Get with it as they are the law
By Carol Hartzog, Carol Hartzog Communications
This illustrates the proper use of a rafter tie to secure the rafter to the walls, which are anchored into the slab.
Curtis McCarty, our rep to the statewide Uniform Building Code Commission, is showing the old “cut nail” (at left) that used to hold the sole plates down. These can no longer be used for interior walls. Now builders must use “shot pins” (at right) or powder-actuated fasteners.
Photos by Mike Means
This illustrates the Screw Anchor bolt which is a secure way of anchoring the sole plate to the slab. Also pictured are two variations of the powder-actuated fasteners.

On Nov. 1, the newest modifications to the statewide uniform building codes went into effect. Most of the code changes deal with life-safety issues, and some are adjusted due to new and better products.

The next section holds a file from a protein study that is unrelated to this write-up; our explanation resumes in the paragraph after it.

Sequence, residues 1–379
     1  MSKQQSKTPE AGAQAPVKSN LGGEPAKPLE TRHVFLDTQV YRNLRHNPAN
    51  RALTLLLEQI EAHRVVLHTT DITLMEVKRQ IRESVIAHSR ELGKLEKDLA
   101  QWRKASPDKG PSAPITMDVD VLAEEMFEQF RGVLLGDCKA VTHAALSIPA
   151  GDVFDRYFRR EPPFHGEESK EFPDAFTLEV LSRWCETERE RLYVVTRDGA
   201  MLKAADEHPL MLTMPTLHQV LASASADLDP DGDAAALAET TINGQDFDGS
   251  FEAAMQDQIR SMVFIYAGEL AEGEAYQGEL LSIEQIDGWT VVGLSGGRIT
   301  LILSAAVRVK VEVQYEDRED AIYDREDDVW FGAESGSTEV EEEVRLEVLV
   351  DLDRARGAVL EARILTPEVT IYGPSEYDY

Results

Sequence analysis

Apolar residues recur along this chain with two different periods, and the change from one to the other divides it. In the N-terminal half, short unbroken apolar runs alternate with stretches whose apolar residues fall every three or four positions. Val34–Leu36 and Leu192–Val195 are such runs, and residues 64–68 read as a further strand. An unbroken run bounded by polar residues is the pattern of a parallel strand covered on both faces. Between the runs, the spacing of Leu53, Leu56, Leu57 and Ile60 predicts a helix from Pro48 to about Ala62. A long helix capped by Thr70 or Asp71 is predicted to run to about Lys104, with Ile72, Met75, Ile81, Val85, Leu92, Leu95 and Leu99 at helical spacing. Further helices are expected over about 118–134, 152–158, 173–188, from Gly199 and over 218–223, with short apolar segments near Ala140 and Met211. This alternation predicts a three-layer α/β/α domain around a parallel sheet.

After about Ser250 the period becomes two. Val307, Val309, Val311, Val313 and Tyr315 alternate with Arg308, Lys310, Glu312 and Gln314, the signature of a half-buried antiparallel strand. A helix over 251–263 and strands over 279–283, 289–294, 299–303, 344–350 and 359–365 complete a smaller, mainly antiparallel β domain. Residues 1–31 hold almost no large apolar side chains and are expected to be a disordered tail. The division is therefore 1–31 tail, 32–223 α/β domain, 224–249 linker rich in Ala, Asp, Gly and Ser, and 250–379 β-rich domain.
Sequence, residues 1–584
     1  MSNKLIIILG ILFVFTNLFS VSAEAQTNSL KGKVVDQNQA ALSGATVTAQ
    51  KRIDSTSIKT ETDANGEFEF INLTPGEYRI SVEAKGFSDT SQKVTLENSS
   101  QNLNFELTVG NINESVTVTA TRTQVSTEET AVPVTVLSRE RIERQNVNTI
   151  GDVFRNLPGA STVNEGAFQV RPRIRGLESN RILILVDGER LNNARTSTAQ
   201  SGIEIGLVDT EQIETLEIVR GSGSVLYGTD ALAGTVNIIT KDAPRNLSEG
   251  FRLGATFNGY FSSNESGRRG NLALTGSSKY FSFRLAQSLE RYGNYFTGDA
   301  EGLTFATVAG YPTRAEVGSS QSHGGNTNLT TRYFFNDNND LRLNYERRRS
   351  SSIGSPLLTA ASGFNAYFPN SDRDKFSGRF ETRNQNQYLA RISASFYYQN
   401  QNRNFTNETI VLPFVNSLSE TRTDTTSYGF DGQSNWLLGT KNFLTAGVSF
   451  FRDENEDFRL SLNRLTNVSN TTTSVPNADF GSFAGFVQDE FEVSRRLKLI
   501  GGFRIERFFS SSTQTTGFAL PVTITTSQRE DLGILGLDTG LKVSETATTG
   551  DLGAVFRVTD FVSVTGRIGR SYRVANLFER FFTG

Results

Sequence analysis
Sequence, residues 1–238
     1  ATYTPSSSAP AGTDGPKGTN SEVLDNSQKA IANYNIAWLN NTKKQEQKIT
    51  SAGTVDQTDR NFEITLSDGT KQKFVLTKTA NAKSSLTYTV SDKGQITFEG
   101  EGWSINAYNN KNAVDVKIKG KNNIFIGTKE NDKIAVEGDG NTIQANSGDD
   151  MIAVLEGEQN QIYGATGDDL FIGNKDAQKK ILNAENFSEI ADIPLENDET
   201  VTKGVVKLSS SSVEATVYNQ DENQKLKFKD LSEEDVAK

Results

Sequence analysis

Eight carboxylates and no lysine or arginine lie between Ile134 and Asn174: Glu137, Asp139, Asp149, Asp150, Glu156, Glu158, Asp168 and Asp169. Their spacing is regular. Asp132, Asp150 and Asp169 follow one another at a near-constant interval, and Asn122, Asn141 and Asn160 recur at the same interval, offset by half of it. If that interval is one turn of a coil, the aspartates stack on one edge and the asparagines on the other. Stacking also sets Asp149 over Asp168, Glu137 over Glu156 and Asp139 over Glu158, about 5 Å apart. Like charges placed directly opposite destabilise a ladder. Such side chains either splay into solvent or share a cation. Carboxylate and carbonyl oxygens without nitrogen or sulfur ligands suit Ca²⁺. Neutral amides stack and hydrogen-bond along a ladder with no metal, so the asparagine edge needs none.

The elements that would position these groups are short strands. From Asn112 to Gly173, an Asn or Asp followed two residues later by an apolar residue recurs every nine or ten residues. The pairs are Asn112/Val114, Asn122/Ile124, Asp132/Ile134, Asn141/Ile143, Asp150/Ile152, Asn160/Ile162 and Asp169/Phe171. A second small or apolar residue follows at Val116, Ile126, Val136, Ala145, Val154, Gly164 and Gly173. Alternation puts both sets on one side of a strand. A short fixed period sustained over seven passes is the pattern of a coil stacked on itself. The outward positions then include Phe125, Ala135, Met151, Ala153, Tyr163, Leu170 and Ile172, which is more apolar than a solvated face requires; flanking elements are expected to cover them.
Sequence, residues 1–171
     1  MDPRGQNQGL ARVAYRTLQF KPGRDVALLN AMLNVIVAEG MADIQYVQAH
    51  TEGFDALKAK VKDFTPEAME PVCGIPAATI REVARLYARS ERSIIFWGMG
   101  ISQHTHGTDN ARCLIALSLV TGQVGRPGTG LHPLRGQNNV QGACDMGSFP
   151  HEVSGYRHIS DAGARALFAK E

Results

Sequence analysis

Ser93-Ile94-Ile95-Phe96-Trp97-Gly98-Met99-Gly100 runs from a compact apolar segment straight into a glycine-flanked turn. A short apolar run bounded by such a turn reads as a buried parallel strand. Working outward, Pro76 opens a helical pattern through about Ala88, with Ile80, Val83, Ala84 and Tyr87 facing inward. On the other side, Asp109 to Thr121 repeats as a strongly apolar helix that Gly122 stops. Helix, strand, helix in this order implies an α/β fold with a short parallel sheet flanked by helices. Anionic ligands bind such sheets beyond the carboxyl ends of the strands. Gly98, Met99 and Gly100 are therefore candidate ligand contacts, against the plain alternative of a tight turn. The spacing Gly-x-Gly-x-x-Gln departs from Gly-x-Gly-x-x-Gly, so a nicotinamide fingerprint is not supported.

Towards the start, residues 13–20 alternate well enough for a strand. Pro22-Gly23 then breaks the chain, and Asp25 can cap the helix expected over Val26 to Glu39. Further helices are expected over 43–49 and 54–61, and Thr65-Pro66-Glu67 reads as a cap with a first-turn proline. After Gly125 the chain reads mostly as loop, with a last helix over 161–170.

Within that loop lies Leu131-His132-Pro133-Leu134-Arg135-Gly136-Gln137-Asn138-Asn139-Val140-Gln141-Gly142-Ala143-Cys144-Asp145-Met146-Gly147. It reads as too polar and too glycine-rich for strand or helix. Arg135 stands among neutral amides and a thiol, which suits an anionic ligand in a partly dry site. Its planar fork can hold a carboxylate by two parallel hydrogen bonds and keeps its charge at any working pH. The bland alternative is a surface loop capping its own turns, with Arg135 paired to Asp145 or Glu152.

Fellow home builder Curtis McCarty who owns CA McCarty Construction in Norman serves as the governor-appointee to Oklahoma Uniform Building Code Commission and here are his thoughts on the top six changes, not in any particular order.

For an easy overview of all the changes, his recent PowerPoint presentation is on the OSHBA website. It includes great photos and graphics and is very easy to understand. Its over 100 slides, but well worth the look.

For a more in-depth look, you can view a free copy of the changes at view the Oklahoma changes, go to

CO Detectors

Carbon monoxide alarms are now required to be hard wired and interconnected on new homes. Previously one could have simply installed a battery operated alarm outside the sleeping rooms. Combination Smoke/CO detectors are allowed in these locations

if they are properly listed. They also have to be outside all sleeping areas. If you have a split-bedroom plan, the alarm has to be outside each sleeping room. If two bedrooms in a central hallway, then just one is needed.